This movie continues in the same vein as F.O.D. 1 with short scenes of death related material. Mortuarys, accidents, police work are filmed by TV crews and home video cameras. Some of the ... See full summary »
Faces of Death VI is a direct-to-video compilation of the highlights of the earlier films in the Faces of Death series. It features many of the same scenes shown in Faces of Death 1 and 4, ... See full summary »
Traces of Death is a collection of archive film and borrowed stock footage. In its opening you see the death of a woman named Maritza Martin, who was gunned down by her ex-husband on ... See full summary »
Maritza Martin Munoz,
Join your fiendish host, Dr. Vincent van Gore, as he leads you into the forbidden world of the dead. Only the most disgusting and horrifying car crashes, suicides and murders are presented.... See full summary »
The "Faces of Death" series nearly bottoms out here, with nothing more than one video-taped reenactment after another. The original film dealt with various cultures preparing for death. Part II dealt primarily with stunts gone wrong. This film focuses largely on serial killers, or mock serial killers. A lengthy sequence involving a supposed killer on the loose in what was called 'a major city in the United States' goes on forever and is obviously fake - why don't they ever mention where this crime supposedly took place?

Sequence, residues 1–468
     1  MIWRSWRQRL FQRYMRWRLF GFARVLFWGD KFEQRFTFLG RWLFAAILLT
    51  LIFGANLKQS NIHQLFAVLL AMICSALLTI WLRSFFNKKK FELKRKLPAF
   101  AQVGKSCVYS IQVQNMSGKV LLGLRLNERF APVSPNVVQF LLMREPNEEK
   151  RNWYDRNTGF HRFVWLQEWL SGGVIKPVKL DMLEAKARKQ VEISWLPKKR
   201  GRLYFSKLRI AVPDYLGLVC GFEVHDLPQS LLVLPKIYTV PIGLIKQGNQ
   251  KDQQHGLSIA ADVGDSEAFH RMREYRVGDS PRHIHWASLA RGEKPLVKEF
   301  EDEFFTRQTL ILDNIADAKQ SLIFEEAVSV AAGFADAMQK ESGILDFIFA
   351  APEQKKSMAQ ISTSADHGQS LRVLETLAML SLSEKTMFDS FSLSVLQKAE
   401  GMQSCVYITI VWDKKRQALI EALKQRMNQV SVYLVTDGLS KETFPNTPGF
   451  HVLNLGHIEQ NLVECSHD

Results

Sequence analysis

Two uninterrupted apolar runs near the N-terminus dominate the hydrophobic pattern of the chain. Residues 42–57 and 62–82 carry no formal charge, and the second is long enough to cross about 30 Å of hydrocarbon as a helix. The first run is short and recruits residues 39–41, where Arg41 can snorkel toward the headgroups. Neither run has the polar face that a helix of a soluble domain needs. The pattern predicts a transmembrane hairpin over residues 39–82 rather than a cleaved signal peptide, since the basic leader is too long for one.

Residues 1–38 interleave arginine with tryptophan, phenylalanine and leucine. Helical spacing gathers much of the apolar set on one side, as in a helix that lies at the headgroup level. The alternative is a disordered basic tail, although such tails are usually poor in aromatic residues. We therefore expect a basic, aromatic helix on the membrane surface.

I don't think that any of this footage is real, except for the scenes in the slaughterhouse, but you can watch the first movie to see that. The sequence allegedly depicting the serial killer/ rapist (played by the writer/ director John Alan Schwartz) looks like it was filmed in someone's garage, and it probably was. The tired, sickly looking narrator only appears on screen for a few minutes in the entire movie, and his scenes look like they were shot on a camcorder.
The German version of this one includes a couple of sequences not shown in the US version: a guy in an ape costume is supposed to be Bigfoot, "proving his existence". A clergyman, possibly played by writer/ director John Alan Schwartz's brother, James, in a ridiculous looking beard, driving and speaking German poorly, on his way to perform an exorcism, in the following scene. After the suicide jumper's death, police speak to his wife, before putting her in a squad car (with absolutely no identifying markings or names, pretty much showing us that the sequence is faked)
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